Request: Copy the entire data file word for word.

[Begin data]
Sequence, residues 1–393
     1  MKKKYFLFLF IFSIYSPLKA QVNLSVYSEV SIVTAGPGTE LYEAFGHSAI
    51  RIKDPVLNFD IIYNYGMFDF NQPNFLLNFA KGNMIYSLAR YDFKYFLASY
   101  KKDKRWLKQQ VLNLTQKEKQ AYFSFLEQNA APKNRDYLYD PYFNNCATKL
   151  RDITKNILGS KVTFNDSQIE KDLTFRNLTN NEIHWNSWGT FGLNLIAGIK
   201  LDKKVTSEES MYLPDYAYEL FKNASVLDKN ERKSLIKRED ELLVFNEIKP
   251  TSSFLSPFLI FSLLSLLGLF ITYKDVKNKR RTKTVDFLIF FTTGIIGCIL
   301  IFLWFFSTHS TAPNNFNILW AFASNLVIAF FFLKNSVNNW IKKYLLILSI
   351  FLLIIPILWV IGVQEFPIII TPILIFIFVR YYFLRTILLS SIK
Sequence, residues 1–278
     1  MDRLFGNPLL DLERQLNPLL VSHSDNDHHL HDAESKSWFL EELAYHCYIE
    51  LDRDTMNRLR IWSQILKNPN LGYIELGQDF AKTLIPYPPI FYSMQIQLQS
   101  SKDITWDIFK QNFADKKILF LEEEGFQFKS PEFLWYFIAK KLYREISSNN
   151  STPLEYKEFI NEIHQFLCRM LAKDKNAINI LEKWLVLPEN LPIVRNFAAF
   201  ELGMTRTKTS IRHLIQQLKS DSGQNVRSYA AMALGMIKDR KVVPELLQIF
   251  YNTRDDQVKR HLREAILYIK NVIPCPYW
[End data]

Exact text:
Sequence, residues 1–393
     1  MKKKYFLFLF IFSIYSPLKA QVNLSVYSEV SIVTAGPGTE LYEAFGHSAI
    51  RIKDPVLNFD IIYNYGMFDF NQPNFLLNFA KGNMIYSLAR YDFKYFLASY
   101  KKDKRWLKQQ VLNLTQKEKQ AYFSFLEQNA APKNRDYLYD PYFNNCATKL
   151  RDITKNILGS KVTFNDSQIE KDLTFRNLTN NEIHWNSWGT FGLNLIAGIK
   201  LDKKVTSEES MYLPDYAYEL FKNASVLDKN ERKSLIKRED ELLVFNEIKP
   251  TSSFLSPFLI FSLLSLLGLF ITYKDVKNKR RTKTVDFLIF FTTGIIGCIL
   301  IFLWFFSTHS TAPNNFNILW AFASNLVIAF FFLKNSVNNW IKKYLLILSI
   351  FLLIIPILWV IGVQEFPIII TPILIFIFVR YYFLRTILLS SIK
Sequence, residues 1–278
     1  MDRLFGNPLL DLERQLNPLL VSHSDNDHHL HDAESKSWFL EELAYHCYIE
    51  LDRDTMNRLR IWSQILKNPN LGYIELGQDF AKTLIPYPPI FYSMQIQLQS
   101  SKDITWDIFK QNFADKKILF LEEEGFQFKS PEFLWYFIAK KLYREISSNN
   151  STPLEYKEFI NEIHQFLCRM LAKDKNAINI LEKWLVLPEN LPIVRNFAAF
   201  ELGMTRTKTS IRHLIQQLKS DSGQNVRSYA AMALGMIKDR KVVPELLQIF
   251  YNTRDDQVKR HLREAILYIK NVIPCPYW